Autism Spectrum Disorder (ASD) is a developmental disorder characterized by deficiencies in social interaction and communication. Individuals with ASD often have difficulty with communication, interpreting social behavior, and empathizing with others, behaviors which are relatively easy for neurotypical individuals.
The Center for Disease Control and Prevention estimates that autism affects 20 individuals per 1,000. Traits which are typical of autism are generally recognizable by the time a child reaches three years of age. While some children exhibit autistic traits right away, other children may develop normally and then regress.
While there is a lot of speculation about the exact cause of autism, the experimental evidence remains ambiguous. In early stages of research on autism, it was that there was a common genetic, cognitive, and neural cause for the disorder. However, now autism researchers think that there may be many co-occurrent causes. Some research have suggested environmental factors, such as vaccines or prenatal stress may cause autism, but these results have failed to be confirmed by further studies.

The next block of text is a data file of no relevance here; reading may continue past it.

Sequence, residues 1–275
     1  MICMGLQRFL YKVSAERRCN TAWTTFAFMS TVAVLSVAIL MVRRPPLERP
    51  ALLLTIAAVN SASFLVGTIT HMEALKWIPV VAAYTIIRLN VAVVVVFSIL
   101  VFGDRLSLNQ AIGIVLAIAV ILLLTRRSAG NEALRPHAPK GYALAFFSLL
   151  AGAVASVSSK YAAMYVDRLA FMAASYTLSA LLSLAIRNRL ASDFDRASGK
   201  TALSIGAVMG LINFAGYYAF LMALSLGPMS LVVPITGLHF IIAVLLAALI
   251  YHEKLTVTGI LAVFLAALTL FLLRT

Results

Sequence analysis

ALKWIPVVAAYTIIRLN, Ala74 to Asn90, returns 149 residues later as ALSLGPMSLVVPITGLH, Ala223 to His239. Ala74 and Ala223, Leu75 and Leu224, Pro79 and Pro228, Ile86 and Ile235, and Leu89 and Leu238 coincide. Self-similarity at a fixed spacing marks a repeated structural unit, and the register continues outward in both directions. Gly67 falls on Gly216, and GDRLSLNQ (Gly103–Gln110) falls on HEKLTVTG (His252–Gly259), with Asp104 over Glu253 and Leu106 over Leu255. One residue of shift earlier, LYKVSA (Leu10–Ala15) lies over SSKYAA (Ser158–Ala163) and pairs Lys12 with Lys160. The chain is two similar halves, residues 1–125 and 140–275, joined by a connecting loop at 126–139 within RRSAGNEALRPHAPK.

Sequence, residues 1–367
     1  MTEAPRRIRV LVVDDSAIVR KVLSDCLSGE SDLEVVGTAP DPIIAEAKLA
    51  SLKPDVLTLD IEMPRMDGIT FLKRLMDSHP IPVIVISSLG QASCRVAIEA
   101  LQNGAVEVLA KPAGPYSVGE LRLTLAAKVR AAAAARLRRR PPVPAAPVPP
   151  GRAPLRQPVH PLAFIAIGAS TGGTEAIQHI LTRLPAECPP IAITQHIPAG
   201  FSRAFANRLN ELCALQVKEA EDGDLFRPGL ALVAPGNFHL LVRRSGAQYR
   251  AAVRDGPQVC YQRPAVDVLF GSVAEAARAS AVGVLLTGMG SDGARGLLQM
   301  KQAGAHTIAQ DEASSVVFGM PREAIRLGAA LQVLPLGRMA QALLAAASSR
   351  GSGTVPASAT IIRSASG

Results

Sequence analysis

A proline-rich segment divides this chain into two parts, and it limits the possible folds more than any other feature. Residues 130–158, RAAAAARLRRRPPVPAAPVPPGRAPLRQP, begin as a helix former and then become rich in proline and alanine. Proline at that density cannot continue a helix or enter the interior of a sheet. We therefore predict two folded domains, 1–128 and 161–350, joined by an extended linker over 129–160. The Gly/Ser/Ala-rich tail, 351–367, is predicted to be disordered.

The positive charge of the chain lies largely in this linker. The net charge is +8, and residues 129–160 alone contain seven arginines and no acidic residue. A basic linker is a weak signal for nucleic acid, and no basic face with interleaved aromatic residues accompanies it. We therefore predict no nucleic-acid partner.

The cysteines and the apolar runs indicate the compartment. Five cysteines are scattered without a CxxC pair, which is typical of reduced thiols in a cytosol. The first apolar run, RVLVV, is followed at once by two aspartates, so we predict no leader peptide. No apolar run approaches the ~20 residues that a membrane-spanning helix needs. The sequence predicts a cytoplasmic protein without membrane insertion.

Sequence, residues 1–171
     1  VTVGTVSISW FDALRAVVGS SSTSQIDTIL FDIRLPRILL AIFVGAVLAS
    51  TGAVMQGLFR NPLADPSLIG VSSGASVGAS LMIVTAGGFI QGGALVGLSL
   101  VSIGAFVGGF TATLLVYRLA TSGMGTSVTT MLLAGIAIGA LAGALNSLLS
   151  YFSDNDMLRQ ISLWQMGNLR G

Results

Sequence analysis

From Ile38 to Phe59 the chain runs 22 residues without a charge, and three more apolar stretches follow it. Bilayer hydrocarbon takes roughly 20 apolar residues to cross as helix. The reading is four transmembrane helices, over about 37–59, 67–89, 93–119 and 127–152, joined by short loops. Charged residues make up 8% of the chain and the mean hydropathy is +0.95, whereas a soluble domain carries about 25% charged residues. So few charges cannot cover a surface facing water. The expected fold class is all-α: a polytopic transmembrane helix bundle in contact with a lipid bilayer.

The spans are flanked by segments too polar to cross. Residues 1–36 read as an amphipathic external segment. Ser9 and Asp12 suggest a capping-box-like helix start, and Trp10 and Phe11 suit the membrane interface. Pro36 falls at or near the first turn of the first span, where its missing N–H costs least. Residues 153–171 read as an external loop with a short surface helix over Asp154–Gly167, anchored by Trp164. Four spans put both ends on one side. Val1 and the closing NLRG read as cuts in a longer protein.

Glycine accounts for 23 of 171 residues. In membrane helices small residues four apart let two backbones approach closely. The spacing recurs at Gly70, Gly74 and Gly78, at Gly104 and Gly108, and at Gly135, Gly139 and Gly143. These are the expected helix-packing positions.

Our lab is investigating how autism affects perception, and especially a hypothesis dubbed Intense World Theory. According to this theory, ASD is the result of an individual's super-connected brain. To the autistic individual, the sensory-data received from the world is painfully intense. This theory originates from research on autistic animals, which pointed to an abundance of excitatory connections in the neo-cortex and an over-activation of the amygdala. If this is true, it would help to explain the autistic inclination to shy away from the world, and the intense focus that autistic individuals often exhibit.
The Intense World Theory originated from research that sought to investigate the link between teratogen valproic acid (VPA) and ASD. Recent studies have shown that there is a strong link between prenatal VPA exposure and ASD, and it causes similar neurological deficits in rats - including social deficiencies, repetitive behavior, higher perceptual stimulation, lower sensitivity to pain, and other traits commonly associated with autism in humans. This theory has yet to be verified in humans, even though rats are generally understood to provide a reliable model in the lab.
Our lab aims to investigate the Intense World Theory of autism by conducting a series of behavioral, epidemiological and neuroimaging studies.